Review: The Crookes, The Bodega

Wed, 04/16/2014 - 10:10
The Crookes were on the very same Bodega stage in 2012, and while they're as energetic as ever, there's a new maturity to the Sheffield four-piece. Beginning with Don't Put Your Faith in Me, the night was designed to showcase material from third album, Soapbox, a brooding collection with poetic lyrics that celebrate the outsider and rejoices in rebellion. It was the first night of the tour but the crowd's reaction to the infectious Maybe in the Dark and the heavier Bear's Blood soothed singer George Waite's "first night jitters". The band's influences span the decades, with finger clicks and 1950s polish to Yes, Yes We Are Magicians and the crooning melodies of the Housemartins on Backstreet Lovers. Waite's moving solo performance of The I Love You Bridge had scaling vocals and Billy Bragg's blunt electric guitar strums. Their gentlemanly dress sense of buttoned-up shirts and brogues is the perfect fit for their new found maturity, although Waite complains of his stifling suit just one song in. While there may be songs of self-reflection and early mid-life crises, their lively, youthful sound is here to stay. Ending with sing-along Afterglow, The Crookes, whose guitarist Daniel Hopewell grew up in Trowell, have proved there's plenty of perks to being a wallflower.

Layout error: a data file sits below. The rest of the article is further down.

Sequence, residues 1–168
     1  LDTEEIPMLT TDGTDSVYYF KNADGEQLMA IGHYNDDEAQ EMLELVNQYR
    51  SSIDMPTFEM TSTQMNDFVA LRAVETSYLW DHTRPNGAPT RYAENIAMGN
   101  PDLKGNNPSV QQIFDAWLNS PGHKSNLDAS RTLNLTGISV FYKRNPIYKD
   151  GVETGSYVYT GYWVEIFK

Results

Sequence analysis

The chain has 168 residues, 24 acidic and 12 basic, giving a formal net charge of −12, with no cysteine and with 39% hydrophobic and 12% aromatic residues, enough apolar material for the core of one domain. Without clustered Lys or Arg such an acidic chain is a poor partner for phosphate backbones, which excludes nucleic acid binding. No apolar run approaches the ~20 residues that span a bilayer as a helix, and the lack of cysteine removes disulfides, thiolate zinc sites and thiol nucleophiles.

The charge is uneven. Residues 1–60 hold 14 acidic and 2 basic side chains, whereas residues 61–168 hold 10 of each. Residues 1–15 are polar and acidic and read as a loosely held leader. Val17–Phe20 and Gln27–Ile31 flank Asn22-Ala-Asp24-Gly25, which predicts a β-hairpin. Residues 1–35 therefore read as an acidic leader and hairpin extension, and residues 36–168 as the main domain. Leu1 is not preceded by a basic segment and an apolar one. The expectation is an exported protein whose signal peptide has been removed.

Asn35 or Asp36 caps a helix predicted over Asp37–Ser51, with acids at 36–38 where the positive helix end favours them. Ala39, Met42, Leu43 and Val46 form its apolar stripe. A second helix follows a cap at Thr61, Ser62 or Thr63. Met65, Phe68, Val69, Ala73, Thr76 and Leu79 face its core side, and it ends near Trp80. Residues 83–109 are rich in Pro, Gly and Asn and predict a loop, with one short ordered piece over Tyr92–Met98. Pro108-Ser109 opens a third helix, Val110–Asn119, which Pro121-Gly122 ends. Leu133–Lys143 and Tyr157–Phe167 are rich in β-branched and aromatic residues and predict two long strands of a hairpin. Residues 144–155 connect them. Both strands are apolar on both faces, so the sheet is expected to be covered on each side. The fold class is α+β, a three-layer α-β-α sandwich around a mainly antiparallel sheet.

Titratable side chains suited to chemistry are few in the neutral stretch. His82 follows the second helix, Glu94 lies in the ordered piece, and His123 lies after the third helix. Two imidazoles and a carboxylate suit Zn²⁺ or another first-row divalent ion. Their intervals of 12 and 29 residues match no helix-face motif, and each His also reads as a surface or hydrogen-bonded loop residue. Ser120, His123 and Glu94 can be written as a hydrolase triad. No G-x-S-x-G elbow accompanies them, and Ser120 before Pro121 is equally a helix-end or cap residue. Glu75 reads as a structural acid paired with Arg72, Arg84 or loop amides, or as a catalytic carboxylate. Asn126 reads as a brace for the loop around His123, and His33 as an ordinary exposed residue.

How the tobacco industry played a vital part in Nottingham's history

Wed, 04/16/2014 - 09:29